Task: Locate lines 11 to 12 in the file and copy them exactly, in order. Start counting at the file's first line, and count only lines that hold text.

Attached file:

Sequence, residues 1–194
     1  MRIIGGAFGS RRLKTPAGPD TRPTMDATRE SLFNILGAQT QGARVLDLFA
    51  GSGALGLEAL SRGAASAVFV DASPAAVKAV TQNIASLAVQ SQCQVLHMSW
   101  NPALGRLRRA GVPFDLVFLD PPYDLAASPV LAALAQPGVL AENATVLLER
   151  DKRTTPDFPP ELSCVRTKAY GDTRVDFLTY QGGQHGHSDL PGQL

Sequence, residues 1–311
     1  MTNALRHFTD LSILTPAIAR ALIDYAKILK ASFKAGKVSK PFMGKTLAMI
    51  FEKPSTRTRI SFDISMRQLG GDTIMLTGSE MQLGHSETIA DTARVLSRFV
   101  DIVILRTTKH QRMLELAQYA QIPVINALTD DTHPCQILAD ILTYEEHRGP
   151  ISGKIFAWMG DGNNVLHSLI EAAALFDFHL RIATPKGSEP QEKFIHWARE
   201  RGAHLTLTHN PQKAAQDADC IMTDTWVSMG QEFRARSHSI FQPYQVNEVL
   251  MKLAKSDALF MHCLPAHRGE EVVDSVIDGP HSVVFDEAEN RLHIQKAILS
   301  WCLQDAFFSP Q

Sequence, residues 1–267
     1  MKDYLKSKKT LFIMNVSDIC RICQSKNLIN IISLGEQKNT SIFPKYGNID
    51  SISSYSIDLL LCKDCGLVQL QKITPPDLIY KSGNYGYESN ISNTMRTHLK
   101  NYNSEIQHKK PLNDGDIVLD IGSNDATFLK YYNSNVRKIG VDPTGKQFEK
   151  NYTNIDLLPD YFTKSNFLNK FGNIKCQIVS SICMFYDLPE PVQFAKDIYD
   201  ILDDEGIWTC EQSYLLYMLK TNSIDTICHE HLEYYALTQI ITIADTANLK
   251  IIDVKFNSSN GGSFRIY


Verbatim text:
   201  RGAHLTLTHN PQKAAQDADC IMTDTWVSMG QEFRARSHSI FQPYQVNEVL
   251  MKLAKSDALF MHCLPAHRGE EVVDSVIDGP HSVVFDEAEN RLHIQKAILS